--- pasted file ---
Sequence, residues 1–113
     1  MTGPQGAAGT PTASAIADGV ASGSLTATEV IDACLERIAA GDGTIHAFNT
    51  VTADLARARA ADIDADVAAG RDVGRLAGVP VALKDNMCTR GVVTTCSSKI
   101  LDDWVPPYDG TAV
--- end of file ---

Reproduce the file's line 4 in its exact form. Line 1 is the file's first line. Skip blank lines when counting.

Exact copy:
   101  LDDWVPPYDG TAV